The book begins with Carrie Hope's dad's last words to her before dying in the hospital: ''I love you as my own.'' Carrie's parents were killed by a drunk driver when she was a freshman at Florida State University (FSU). This event leaves Carrie alone and with no known relatives. When she turns 21, opportunity comes knocking at her door- she lands a Summer internship job in TV journalism in England. She needs to apply for a passport and is unable to find a copy of her birth certificate. She contacts Mr.Tom Eddington, the family lawyer, and asks for his assistance. Her meeting with Mr. Eddington reveals some shocking family secrets that find Carrie ill-prepared and send her in a life of busyness and internal turmoil.


Meanwhile, syndicated column writer, Ward McNulty, is enjoying the fame and the power of his political commentary column, Inside Story. His credibility and insight change the lives of those people he writes about. Ward has been very outspoken and supportive of State Senator Chet Garner in his column. This relationship, however, will proof itself shallow and manipulative as the story unfolds.


Carrie Hope buries her past and continues working on TV journalism. Her hard work earned her the position of co-host at the news program, Channel Five at Five. She and Ward McNulty meet at the studio as she interviews him for the news series,'Local People Makes Good.' Some time after this interview, Carrie and Ward start dating and end up with Carrie's moving in with Ward. At first, their relationship is full of lust and passion, but these slowly disappear as they get more and more involve in their careers.


Democrat State Senator Chet Garner will stop at nothing to gain the necessary votes to the US Congress, including, but not limited, to defamation of his competitor and all of those who stand on his way. He has been supportive of the ''North Beach'' development project to take place in Timuqua Island because he sees it is beneficial for Florida and also for the residents of the island.


Some of the residents are suspicious about the ''North Beach Project'' and they decide to hire real state lawyer, Bob Rohrback, to represent them in court. When Bob starts requesting papers from the City Council and taking some legal actions, this sets the wheel on as a set of unfortunate events starts affecting those obstructing and delaying the project. One of those victims is Ward McNulty, who refuses to use his column to defame former defense lawyer, Bob Rohrback. Ward suffers a car accident that leaves him blind for some time. Soon after his sight is restored, he discovered he has an in-sight into people's souls. This so discovered ''gift'' terrifies him and he doesn't know how to deal with it. But with the help of his dad, he learns to use his gift to better himself and help others in need.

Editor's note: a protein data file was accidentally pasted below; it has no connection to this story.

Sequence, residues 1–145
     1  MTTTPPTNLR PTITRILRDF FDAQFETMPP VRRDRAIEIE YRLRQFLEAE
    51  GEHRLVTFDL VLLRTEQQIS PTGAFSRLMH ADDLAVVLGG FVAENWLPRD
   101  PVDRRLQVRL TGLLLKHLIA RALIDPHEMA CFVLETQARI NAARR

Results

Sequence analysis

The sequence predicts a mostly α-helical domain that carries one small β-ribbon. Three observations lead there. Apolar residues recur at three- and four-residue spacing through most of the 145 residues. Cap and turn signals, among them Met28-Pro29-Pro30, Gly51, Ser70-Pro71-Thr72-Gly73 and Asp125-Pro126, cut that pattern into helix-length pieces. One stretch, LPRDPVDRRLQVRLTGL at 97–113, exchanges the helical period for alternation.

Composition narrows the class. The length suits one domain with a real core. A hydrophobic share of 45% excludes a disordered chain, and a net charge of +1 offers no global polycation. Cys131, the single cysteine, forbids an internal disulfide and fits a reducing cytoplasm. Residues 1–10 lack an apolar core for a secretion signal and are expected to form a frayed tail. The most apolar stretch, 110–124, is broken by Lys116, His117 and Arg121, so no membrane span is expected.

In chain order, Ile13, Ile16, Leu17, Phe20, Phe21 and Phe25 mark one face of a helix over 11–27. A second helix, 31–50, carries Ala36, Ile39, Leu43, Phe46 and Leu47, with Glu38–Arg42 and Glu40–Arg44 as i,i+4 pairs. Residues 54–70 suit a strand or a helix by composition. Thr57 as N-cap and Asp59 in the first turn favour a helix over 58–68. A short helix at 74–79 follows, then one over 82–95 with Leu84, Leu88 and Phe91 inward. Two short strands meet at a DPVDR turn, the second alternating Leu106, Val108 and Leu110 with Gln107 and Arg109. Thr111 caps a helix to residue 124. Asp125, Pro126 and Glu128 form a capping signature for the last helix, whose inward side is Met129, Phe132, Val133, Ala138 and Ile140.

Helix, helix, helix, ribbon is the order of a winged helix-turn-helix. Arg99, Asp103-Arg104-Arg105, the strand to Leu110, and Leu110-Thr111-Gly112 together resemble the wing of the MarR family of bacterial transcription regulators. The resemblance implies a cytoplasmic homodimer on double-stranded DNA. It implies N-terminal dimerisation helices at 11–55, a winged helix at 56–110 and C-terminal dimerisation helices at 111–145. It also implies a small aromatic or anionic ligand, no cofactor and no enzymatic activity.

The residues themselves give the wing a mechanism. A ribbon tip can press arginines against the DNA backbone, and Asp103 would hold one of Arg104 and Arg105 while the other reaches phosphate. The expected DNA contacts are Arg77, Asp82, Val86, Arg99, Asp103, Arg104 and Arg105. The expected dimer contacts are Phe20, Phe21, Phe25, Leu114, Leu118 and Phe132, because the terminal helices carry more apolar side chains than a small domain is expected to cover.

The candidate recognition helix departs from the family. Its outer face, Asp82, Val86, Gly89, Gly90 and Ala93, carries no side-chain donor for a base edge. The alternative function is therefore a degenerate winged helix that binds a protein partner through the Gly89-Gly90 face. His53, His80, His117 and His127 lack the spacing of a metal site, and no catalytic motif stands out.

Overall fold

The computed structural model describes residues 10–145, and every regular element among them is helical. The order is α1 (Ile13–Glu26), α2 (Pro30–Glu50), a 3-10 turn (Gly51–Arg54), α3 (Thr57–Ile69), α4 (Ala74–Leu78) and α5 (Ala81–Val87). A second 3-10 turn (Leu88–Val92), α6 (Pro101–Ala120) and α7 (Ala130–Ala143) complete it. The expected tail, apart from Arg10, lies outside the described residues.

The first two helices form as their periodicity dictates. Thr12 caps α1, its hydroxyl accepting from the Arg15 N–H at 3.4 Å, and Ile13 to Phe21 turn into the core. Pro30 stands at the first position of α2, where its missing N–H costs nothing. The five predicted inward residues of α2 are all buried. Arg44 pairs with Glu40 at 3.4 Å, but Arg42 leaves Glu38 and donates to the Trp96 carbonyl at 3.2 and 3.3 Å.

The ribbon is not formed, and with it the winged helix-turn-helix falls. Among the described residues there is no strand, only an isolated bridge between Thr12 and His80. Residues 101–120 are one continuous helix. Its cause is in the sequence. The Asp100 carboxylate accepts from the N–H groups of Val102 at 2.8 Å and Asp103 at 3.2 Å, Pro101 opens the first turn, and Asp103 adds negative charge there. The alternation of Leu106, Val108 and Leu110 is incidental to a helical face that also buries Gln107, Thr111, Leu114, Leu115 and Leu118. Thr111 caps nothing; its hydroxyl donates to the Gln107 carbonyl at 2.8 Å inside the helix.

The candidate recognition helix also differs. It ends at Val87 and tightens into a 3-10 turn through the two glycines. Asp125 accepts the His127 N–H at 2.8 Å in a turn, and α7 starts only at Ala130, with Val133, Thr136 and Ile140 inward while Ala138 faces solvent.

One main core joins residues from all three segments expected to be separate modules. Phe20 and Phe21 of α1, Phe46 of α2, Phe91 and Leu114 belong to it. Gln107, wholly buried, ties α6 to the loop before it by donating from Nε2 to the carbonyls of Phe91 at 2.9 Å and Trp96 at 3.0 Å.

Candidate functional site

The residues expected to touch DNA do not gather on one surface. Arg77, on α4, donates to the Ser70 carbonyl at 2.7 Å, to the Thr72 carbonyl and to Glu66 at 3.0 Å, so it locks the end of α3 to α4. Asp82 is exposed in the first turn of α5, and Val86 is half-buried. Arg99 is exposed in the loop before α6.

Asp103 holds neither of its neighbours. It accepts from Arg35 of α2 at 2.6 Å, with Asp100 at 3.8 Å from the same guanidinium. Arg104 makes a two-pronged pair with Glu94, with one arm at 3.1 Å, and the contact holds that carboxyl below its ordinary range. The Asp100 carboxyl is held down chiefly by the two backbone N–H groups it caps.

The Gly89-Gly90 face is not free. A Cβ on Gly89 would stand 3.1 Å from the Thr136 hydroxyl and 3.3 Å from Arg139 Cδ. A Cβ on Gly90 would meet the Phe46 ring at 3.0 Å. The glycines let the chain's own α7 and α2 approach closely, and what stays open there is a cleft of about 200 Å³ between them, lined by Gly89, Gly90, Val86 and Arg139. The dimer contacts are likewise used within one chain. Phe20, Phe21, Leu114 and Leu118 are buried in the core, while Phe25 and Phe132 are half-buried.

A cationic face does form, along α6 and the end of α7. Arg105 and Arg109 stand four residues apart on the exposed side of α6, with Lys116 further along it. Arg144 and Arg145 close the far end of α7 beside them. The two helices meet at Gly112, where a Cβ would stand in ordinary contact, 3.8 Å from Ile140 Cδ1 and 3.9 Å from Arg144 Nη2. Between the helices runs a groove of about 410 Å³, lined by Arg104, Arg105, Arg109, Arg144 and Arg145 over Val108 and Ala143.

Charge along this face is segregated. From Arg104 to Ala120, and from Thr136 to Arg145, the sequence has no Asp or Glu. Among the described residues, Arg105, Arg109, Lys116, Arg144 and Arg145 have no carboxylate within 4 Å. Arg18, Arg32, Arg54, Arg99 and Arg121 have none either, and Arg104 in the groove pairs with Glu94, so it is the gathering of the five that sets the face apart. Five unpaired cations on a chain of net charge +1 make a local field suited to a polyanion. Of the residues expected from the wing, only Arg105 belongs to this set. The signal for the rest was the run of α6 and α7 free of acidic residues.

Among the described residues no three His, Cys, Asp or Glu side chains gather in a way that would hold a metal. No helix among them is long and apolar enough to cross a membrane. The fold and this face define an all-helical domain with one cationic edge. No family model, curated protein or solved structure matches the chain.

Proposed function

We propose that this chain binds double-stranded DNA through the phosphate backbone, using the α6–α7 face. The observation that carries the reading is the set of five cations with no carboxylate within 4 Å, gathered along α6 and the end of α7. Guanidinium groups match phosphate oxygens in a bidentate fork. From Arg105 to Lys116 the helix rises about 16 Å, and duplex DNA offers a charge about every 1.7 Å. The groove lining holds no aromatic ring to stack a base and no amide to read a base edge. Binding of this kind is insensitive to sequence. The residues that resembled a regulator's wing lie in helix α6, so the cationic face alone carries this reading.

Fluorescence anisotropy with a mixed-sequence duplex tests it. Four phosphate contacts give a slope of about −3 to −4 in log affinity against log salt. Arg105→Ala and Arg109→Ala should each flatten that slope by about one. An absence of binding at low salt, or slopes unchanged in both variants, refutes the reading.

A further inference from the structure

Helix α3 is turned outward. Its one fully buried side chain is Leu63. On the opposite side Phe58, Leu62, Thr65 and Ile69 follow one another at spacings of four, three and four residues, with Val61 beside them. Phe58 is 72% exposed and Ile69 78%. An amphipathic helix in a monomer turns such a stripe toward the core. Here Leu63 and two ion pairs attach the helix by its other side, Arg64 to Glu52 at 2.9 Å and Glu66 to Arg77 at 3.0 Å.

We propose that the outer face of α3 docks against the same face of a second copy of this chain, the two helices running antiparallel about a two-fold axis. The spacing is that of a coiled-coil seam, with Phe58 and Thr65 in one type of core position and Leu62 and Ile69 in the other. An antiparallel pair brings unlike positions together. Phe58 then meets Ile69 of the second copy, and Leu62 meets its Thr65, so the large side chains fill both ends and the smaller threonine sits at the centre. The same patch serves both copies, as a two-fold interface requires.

The rest of the book goes back and forth between those in favor and those opposed to the project. Ward McNulty and Carrie Hope find themselves caught in the middle of the struggle and fighting in opposite sides. Lives will be turned up side down and others will be destroyed, while a handful of brave ones will find justice as the truth sets them free.


This is a tale of betrayal, faith, power, recovery, redemption, trust, and justice for all. I enjoyed the way the author weaved into the story the benefits of a regular confession, the AA Program for alcohol addiction, family relationship, and law. All these elements are tastefully discussed through the story without making the readers uncomfortable with some of these sensitive topics. The word of Jesus: ''Let your eyes be opened'' will take a whole new meaning after the reader finishes reading this book.


I recommend this book to those readers looking for a Catholic action drama fiction story with a cutting edge that doesn't jeopardize their beliefs and convictions. This book was awarded 2nd place in the 2009 Creative Arts Council Book Awards.

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review 2015-06-01 17:22
Senior Citizens Beware ~ Blood Ties by Ashley Fontainne

Ashley Fontainne is an amazing award winning and bestselling author that you will want to check out. Her novels are so good, they are being optioned for film.

Ashley Fontainne has teamed up with her mother, Lillian Hansen, in her new release, Blood Ties.

I am so excited to share all the goodies below, so please, grab a beverage, put your feet up and enjoy.


Add me to Goodreads now.


Ashley Fontainne and Lillian Hansen's Blood Ties has a level of creepiness and reality that will linger long after you have finished reading the novel. The mother and daughter writing team continues into the characters of the story with Karina and her mother, LiAnn.

Karina, a private investigator for We've Got Ya, and LiAnn, a cop, had become sickened after their last case, that dealt with the abuse of senior citizens in assisted living facilities and quit their jobs. Now, it was off to Grandma and Grandpa's farm in Arkansas.

Karina does not have female friends, except for her mother, who is her best friend. I love Karina's badassery and the snarky dialogue between and her mother. My mother is my best friend and I spend more time around men than women. Who has time for cat fights, jealousy and shopping? Not me. I am not afraid to tell my mother anything, like Karina, sometimes in very "colorful" words. I do love Karina's foul mouth and her "take out my gun and shoot you" attitude. I love fast cars and beer, too, Karina. She has a black Charger, with dark tinted windows and racing tires. She named it Dragula, after a Rob Zombie song based on the Munsters. Makes me think of driving the country roads when I first moved south with my Monte Carlo SS and doberman. Karina has a big dog, a 100lb black lab. I sure see the similarities and feel right at home with Karina and her family.

Of course, we need a love interest and her encounter with one of the twin Greek Gods had me grinning at the descriptive writing, which drew me further and further into Blood Ties.